(Houghton Mifflin Books for Children, $16.99)
Little-known facts abound in this compilation of things that occur in our daily lives and all around us in the matter of one second, one minute, one hour, and so on. Think of this book as a mini science lesson, and be prepared to learn something you didn’t already know – such as that a woodpecker taps a tree trunk with its beak 20 times in one second. This book makes for great trivia and learning for the entire family. – FB  

Lots of Dots
by Craig Frazier
(Chronicle Books, $15.99)
Kids will have fun using their imagination to realize that colorful dots make up the world around us. This lively, rhyming tale points out that dots come in all sizes and are found all over the place: on tiny ladybugs, as perfectly round ice cream scoops, as stars in the sky, or on the coats of spotted dogs. Youngsters will be challenged to pay special attention to their surroundings and continue to identify dots in their everyday lives.  – FB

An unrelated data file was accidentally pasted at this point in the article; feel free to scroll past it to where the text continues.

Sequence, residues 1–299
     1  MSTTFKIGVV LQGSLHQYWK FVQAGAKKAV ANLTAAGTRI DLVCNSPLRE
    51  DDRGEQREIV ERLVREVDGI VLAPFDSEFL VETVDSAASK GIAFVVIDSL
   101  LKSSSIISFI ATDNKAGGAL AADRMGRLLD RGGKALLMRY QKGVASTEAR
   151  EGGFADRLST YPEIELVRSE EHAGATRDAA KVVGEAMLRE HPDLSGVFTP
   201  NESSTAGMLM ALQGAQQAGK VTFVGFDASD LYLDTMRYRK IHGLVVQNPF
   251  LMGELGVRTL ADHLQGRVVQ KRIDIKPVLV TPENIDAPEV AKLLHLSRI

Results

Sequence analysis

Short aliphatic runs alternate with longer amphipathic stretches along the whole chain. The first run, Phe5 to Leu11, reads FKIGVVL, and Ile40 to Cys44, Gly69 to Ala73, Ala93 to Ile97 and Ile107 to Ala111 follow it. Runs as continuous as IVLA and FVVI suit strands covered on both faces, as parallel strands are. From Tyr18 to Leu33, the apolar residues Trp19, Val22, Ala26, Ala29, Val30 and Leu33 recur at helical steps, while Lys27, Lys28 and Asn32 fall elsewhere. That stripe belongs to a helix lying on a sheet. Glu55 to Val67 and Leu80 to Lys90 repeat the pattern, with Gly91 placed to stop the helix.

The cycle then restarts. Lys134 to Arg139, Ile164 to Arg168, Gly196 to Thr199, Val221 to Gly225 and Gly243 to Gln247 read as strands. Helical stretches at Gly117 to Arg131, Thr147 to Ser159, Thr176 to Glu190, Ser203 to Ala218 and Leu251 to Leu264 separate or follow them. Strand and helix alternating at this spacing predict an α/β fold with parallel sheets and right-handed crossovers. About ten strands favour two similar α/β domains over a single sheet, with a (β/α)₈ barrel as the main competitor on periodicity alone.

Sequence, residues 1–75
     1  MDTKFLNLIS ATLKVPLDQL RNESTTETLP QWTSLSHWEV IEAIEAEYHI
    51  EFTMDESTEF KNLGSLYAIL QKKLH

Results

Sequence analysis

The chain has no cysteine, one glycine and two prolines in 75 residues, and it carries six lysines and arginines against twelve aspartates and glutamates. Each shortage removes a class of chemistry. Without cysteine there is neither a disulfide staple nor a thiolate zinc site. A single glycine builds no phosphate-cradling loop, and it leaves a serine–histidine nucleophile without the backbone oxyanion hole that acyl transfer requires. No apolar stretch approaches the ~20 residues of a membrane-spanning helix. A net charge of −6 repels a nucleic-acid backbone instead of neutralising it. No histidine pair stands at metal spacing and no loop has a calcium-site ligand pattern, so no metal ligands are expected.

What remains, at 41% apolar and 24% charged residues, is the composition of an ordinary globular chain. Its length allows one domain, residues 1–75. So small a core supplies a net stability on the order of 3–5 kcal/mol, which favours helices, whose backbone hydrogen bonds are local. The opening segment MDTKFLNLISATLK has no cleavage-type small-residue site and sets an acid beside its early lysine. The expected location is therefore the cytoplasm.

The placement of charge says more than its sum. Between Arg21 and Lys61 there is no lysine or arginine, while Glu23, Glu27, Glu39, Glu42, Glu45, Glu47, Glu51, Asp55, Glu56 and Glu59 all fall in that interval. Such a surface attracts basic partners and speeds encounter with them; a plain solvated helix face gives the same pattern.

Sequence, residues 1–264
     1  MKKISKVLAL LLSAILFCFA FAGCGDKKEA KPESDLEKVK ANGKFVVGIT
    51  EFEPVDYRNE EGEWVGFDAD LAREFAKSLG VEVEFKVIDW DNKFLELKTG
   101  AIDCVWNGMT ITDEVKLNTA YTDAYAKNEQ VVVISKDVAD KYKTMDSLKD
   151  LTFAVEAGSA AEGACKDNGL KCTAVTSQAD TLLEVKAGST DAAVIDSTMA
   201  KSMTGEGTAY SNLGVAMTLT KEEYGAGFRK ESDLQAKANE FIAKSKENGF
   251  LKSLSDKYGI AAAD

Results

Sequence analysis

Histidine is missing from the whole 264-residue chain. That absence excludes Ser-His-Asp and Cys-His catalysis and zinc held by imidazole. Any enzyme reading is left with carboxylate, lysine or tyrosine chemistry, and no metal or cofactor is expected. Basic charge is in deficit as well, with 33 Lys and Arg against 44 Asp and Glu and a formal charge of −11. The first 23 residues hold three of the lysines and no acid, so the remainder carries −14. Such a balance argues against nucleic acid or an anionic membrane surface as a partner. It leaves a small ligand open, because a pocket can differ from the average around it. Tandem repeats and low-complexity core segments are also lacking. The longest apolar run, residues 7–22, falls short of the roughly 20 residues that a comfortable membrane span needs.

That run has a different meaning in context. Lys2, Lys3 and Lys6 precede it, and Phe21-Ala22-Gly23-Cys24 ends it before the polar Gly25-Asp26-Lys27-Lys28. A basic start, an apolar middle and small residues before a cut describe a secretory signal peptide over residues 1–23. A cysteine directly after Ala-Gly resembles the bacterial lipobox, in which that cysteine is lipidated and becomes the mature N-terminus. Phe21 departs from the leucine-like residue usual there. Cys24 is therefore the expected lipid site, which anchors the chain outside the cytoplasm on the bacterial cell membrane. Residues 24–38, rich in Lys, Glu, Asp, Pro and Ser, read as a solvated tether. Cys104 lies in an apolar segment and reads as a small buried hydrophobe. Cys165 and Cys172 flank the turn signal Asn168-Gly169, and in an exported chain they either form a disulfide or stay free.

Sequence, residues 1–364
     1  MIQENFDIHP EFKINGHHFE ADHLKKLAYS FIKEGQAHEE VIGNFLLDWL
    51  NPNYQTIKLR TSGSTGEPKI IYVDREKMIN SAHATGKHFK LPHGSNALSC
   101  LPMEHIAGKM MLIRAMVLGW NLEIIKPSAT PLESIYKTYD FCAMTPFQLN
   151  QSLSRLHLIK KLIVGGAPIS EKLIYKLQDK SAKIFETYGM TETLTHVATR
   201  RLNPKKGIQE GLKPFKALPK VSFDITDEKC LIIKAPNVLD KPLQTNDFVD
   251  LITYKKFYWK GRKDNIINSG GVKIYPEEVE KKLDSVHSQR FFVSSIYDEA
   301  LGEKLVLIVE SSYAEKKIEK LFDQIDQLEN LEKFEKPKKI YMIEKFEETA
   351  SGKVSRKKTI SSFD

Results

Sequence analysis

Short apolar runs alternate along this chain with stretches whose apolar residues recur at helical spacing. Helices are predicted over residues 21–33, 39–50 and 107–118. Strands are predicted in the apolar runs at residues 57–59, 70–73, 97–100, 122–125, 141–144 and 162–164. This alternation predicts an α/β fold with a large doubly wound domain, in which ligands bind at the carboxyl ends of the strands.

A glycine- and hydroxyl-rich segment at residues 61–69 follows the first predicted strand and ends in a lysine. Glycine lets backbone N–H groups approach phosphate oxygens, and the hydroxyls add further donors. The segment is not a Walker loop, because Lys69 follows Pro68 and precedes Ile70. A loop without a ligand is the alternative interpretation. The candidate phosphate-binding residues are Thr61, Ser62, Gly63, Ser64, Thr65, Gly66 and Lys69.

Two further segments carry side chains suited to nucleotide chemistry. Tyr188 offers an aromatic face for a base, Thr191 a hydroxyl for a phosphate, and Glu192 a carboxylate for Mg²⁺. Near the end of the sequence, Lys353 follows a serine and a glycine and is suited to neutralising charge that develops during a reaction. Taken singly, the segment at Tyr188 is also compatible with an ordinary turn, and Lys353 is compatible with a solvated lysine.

The View at the Zoo
by Kathleen Long Bostrom
(Ideal’s Children’s Books $14.99)
We get a unique backstage pass to the zoo as we witness all of the animals prepping for opening day in this witty rhyming story. A mischievous monkey and a trusty zookeeper serve as our guides, making sure the animals are on their best behavior as they eagerly anticipate their visitors. Readers will definitely come away with a new appreciation for a day in the life of zoo animals. – FB 

Chirchir Is Singing
by Kelly Cunnane
(Schwartz and Wade Books, $17.99)
This sweet book takes place in far-away Kenya and explores a universal dilemma: Children want to help but children can get underfoot. After upturning everything from her mother’s water bucket to her father’s sack of potatoes, Chirchir, usually a joyful child, stops singing. Only after discovering a crying baby does the little girl find the soothing power in her song and a task in which she shines. Brilliant illustrations, along with some vocabulary in Swahili and Kalejin, give children an engaging glimpse into a simple yet rewarding life in Africa.  – AH